Now let's look at an application that uses all three
of these extensions to describe a kind of effects
analysis/inference for a language with region based
allocation of global heap. In this simple example,
we will assume that there are just three primitives:
We will also assume that these primitives are set up for
use in a monadic framework. (It would be easy to handle
languages where the underlying monad is implicit using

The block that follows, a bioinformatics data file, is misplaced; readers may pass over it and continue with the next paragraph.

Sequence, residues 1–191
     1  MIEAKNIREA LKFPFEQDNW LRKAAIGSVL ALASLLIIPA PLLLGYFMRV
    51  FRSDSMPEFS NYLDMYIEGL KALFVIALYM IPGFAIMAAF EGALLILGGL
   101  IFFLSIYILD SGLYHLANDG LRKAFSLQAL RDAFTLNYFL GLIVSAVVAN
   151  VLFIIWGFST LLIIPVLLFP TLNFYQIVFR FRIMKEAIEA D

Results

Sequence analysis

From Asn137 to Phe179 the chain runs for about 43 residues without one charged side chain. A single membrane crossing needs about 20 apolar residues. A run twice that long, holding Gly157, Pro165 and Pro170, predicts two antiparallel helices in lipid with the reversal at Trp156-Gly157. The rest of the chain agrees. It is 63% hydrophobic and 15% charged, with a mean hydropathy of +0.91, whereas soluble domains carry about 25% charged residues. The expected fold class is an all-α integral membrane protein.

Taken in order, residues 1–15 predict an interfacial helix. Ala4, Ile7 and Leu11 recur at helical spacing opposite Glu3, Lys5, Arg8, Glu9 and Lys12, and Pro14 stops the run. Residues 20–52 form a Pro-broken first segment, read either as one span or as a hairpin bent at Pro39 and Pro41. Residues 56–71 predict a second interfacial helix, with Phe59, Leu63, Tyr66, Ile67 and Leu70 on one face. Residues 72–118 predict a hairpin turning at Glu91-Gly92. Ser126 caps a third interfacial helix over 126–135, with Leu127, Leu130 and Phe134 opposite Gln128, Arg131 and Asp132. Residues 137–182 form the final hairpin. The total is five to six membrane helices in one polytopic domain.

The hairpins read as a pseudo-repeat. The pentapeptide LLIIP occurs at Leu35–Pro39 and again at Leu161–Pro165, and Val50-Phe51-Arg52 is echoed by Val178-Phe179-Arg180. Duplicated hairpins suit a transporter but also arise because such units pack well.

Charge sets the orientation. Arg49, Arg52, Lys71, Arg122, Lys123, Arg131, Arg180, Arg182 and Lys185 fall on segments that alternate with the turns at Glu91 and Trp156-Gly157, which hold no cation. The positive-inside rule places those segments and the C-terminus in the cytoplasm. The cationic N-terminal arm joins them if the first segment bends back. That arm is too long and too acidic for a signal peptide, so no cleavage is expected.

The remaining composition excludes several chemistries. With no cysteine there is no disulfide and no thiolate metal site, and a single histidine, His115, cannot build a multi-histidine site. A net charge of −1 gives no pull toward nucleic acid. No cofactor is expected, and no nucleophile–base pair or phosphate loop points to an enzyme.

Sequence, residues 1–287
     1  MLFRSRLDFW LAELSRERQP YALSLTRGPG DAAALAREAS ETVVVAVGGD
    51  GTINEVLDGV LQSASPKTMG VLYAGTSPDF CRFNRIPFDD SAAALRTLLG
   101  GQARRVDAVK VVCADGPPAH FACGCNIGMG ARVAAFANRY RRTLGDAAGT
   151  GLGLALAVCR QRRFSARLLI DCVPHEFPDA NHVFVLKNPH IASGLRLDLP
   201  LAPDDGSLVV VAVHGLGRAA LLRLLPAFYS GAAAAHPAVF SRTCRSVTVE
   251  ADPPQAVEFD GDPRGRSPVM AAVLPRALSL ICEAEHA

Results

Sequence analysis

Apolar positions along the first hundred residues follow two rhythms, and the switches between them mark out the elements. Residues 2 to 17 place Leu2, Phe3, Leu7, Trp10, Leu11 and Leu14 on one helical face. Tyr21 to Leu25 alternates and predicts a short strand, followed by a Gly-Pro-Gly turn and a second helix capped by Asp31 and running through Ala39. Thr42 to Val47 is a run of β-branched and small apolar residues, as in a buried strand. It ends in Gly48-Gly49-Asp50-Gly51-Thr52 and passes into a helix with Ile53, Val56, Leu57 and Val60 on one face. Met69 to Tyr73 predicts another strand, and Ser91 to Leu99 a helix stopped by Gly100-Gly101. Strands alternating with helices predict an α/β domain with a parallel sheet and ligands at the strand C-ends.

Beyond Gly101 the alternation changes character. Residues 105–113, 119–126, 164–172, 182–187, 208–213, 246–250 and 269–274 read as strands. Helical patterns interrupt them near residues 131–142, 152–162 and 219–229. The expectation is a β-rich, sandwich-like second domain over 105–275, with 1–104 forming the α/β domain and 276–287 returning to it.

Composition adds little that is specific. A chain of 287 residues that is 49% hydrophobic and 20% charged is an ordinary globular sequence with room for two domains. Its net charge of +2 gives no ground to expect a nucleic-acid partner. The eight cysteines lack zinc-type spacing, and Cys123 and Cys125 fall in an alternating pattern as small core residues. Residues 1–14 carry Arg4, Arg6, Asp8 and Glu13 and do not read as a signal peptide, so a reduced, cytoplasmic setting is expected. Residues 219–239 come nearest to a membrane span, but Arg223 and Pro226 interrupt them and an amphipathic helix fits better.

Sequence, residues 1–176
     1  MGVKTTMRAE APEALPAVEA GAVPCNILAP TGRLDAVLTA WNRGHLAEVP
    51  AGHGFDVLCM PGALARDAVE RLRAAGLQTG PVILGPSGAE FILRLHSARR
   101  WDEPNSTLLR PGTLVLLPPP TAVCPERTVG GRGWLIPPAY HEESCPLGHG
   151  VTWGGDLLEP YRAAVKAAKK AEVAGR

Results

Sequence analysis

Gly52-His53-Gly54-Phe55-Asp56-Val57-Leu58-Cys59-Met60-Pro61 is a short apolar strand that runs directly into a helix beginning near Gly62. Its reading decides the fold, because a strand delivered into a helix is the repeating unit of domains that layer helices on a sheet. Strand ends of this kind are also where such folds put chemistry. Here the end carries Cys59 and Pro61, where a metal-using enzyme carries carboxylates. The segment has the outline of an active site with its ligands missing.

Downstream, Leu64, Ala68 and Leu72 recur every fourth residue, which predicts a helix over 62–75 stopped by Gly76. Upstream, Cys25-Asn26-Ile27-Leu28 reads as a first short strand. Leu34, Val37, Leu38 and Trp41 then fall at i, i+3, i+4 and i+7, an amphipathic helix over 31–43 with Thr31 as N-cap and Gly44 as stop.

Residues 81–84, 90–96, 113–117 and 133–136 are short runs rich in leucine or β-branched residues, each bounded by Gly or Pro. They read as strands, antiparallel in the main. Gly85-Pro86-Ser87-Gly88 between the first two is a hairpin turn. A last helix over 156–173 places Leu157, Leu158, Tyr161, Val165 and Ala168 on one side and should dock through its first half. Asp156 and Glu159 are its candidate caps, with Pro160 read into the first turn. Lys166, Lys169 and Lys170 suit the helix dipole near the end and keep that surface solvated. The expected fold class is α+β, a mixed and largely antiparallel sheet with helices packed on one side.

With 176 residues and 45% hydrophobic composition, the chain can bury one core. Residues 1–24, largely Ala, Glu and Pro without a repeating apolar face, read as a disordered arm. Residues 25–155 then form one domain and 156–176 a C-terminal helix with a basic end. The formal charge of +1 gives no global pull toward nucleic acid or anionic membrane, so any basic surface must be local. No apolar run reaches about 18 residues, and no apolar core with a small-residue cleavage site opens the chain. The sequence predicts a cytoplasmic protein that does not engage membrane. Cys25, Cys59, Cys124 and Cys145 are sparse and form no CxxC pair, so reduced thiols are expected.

a simple syntax-directed translation prior to this stage.)
Notice that we define a separate class for each one of these
functions, each one associating a region "r" with a monad "m"
in which the computation happened, and with a particular
action in that context: an Alloc, a Read, or a Write.
Note that "Ref" cells are also tagged with an "r" parameter
to indicate the region in which they were allocated, as well
as the type of the value that they hold.
- a "new" operator to allocate a new reference cell in
some region of memory.
- a "get" operator to fetch the contents of a reference
- a "set" operator to store a value in a reference cell.